Concert review: Detroit Cobras at Birdy's, June 18 

Bloodshot Records presented two feisty throwback groups at Birdy's Thursday night. These bands have street cred: It's cool to know who the Dex Romweber Duo and the Detroit Cobras are, and even cooler if you can sing along with their rough rock 'n' roll sound. Birdy's was filled with a mixture of maturing punk rockers, hip 20-somethings and ageless music nerds.

The Dex Romweber Duo opened with their noisy brand of classic Southern-influenced rock played out of a single guitar and a well-equipped drum kit. The guitarist, who lends his name to the group's title, pulled out some frenzied surf crunch, mixed it up with country-western ballads and threw in quite a bit of blues syncopation. His pebbly strums never lost their power, even during the most vocally challenging sections, when his smooth tenor would spontaneously break into a growl. Drummer Sara Romweber kept crashy time, varying sticks with brushes, playing bongos to create a sultry salsa beat.

The Detroit Cobras have seen tumultuous years and countless lineups, with the two main members, Rachel Nagy and Maribel Ramirez, as mainstays. Lead singer Nagy's voice is soulful, but with the very necessary edge that can only come from years of slugging back brews and singing in smoky bars. Rhythm guitarist Ramirez's quirky smile and kicky strums helped to keep the old-fashioned rock and roll danceable with the help of a tightly-wound snare and punchy, upstanding hi-hat hits. Lead guitarist Joey Mazzola picked out cocky riffs and some vibrating surf-influenced solos in front of a smoky, rumbling bass guitar played by a woman smaller than the instrument itself.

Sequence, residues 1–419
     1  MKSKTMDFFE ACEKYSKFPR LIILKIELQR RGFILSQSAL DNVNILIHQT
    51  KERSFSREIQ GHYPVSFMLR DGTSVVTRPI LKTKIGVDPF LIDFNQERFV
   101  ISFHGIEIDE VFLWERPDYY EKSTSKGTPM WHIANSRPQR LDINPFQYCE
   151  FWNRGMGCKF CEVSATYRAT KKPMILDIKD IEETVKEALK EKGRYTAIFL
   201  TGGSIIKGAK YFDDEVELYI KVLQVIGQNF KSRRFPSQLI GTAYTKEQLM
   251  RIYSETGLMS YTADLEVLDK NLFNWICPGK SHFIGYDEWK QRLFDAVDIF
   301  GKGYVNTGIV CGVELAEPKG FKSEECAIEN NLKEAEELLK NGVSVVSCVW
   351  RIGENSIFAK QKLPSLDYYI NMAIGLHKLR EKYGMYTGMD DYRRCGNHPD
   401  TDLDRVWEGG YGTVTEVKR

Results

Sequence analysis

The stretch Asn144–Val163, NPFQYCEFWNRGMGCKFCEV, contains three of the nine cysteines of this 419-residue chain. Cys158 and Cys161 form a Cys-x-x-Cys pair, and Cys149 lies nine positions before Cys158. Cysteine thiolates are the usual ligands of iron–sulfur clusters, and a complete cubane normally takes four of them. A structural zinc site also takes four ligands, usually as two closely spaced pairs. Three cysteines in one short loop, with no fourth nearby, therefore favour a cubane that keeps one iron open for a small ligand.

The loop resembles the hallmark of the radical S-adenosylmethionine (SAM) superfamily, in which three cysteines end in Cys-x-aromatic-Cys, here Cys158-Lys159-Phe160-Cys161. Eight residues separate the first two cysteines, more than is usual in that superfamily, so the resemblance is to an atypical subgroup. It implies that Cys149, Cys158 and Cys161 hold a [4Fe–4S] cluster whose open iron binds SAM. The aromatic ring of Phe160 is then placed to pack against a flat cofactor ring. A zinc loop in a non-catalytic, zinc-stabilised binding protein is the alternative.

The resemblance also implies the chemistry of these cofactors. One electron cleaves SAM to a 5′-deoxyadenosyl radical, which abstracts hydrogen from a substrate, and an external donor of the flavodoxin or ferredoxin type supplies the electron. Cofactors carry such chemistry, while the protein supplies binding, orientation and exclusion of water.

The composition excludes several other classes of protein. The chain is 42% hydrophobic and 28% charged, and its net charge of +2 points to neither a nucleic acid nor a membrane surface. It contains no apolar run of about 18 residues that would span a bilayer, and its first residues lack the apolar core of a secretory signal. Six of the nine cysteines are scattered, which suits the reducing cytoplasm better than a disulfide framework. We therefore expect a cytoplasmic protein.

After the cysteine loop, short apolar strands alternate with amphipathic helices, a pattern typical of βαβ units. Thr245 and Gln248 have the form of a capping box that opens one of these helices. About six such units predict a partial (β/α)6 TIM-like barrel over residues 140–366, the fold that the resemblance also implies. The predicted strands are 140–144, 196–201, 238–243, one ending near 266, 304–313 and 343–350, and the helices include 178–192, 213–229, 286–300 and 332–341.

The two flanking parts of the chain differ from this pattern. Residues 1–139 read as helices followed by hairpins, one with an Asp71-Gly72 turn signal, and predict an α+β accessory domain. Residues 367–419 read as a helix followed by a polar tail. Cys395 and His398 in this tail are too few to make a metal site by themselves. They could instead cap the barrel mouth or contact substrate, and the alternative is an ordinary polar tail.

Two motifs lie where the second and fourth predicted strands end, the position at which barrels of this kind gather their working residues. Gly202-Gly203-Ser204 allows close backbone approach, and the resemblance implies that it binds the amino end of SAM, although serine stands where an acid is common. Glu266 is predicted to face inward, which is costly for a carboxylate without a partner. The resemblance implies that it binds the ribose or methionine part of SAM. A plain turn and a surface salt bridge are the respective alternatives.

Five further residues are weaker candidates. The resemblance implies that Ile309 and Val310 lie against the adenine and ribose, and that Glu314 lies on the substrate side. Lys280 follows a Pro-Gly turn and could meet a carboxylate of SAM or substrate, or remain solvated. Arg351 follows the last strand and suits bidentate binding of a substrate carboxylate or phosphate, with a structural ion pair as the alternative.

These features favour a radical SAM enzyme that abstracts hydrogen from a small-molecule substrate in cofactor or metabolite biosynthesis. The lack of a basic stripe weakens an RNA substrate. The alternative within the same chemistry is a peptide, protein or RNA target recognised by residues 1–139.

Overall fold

The band blends well together for ballsy renditions of little-known classic '50s and '60s jams, but there's no doubt that Nagy is the star. This tall, beautiful blonde - who has the smirky look of those bad girls kissing boys in the auditorium and smoking in the bathroom - is in her own world on stage, tapping a high-heeled boot in time with her unmistakable croon and interacting with the crowd minimally. This standoffish manner did nothing but further excite the crowd. Grizzled gray-hairs yelled "Rachel" in between songs and summer-dress bedecked young women shook their hips and hopped to these raw, edgy rock obscurities.


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Emma Faesi

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